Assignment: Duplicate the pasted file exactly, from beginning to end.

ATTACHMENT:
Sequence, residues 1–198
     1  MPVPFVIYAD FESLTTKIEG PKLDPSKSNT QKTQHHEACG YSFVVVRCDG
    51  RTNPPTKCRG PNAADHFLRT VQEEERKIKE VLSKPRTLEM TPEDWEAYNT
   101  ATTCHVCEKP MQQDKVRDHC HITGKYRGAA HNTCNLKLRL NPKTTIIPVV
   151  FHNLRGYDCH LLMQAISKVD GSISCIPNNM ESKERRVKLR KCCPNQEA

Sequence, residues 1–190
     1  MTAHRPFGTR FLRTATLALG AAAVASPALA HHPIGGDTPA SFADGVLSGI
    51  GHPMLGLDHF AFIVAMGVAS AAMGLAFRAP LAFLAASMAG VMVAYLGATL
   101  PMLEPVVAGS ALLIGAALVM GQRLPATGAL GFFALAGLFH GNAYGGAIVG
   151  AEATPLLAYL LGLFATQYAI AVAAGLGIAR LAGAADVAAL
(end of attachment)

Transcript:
Sequence, residues 1–198
     1  MPVPFVIYAD FESLTTKIEG PKLDPSKSNT QKTQHHEACG YSFVVVRCDG
    51  RTNPPTKCRG PNAADHFLRT VQEEERKIKE VLSKPRTLEM TPEDWEAYNT
   101  ATTCHVCEKP MQQDKVRDHC HITGKYRGAA HNTCNLKLRL NPKTTIIPVV
   151  FHNLRGYDCH LLMQAISKVD GSISCIPNNM ESKERRVKLR KCCPNQEA

Sequence, residues 1–190
     1  MTAHRPFGTR FLRTATLALG AAAVASPALA HHPIGGDTPA SFADGVLSGI
    51  GHPMLGLDHF AFIVAMGVAS AAMGLAFRAP LAFLAASMAG VMVAYLGATL
   101  PMLEPVVAGS ALLIGAALVM GQRLPATGAL GFFALAGLFH GNAYGGAIVG
   151  AEATPLLAYL LGLFATQYAI AVAAGLGIAR LAGAADVAAL